An Evening of Music and Dance

Birmingham Royal Ballet and The Royal Ballet Sinfonia at Symphony Hall, Birmingham
January 31, 2015
Phil Preece

Never having been to one of BRB’s annual music and dance evenings before, I wasn’t sure what to expect – a series of bits of ballets maybe, with one or two solo turns. But artistic director David Bintley is much too accomplished a programmer for that – instead what he gave us was a big, jolly, Nutcracker-style family party featuring a series of charming and deceptively sophisticated entertainments, with the audience invited along as privileged special guests.

First, his genial MC-ing style gave him the friendly opportunity to take us into his confidence and tell one or two delightfully indiscreet insider stories about the ballet world – the Nureyev one was unforgettable.

Then, the Royal Ballet Sinfonia, its superb precision under the baton of Dominic Grier perfect for the astounding acoustics of the Symphony Hall, with a programme full of surprises in which even the familiar sounded rich and strange. For example, after opening with a rousing rendition of Chabrol’s Joyeuse Marche they gave us the Four Seasons – not the over-familiar Vivaldi, but surprisingly Verdi’s lush opera-house version, first Winter, then to close the first half of the programme Spring, a sublime pas de deux for stars Momoko Hirata and Joseph Caley.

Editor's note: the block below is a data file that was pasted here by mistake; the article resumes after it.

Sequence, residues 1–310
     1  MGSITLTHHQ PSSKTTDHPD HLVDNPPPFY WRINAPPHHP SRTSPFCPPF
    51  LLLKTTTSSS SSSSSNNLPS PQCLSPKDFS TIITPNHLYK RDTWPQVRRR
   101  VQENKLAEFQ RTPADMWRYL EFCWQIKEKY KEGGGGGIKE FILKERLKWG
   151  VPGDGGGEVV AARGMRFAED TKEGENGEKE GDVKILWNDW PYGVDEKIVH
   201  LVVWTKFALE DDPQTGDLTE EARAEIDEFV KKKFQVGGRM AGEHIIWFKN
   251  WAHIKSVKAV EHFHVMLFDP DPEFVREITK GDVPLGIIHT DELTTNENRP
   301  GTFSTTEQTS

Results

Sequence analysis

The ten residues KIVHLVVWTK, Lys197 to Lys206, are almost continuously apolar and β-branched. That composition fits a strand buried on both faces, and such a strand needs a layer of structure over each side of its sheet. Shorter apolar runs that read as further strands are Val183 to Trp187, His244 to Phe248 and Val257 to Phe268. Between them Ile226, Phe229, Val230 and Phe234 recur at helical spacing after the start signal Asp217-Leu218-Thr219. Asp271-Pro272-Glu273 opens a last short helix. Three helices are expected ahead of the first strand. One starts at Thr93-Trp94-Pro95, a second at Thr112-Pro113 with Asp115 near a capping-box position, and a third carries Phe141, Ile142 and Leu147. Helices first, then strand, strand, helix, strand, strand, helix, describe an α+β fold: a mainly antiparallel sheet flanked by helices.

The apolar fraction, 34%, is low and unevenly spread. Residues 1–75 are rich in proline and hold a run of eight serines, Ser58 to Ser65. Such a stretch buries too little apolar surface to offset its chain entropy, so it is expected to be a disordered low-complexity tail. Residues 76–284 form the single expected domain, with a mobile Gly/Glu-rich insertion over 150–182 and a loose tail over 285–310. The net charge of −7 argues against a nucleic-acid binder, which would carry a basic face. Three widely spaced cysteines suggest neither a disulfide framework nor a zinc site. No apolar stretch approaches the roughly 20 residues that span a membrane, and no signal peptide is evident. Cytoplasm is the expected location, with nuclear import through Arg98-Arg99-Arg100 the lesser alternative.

If a programme consisting of musical treats played by the Sinfonia alternating with dance excerpts performed by BRB’s leading dancers sounds a tad formulaic, it wasn’t purely because every item came as a delightful surprise; the unfamiliar and special brought out in every case while showcasing the Royal Ballet’s rich heritage. Frederick Ashton’s almost impossibly tricky pas de deux from The Dream was a highlight, but even this was eclipsed by the balcony scene from Macmillan’s Romeo and Juliet. Here Jenna Roberts perfectly conveyed the innocence of a fourteen year old Juliet glimpsing love for the first time, while Iain Mackay’s laughing portrayal of the seventeen year old Romeo showing off his pyrotechnic prowess looked to be a life-time high even for this star performer. Pure joy.

But even in an evening of so many delightful surprises the company still had one last great dance treat up its sleeve as it brought forward the youngest of the company’s associates, students from BRB’s associate school Elmhurst, so young and fresh, all bristling with excited energy like terriers held on the leash, all future stars in the making.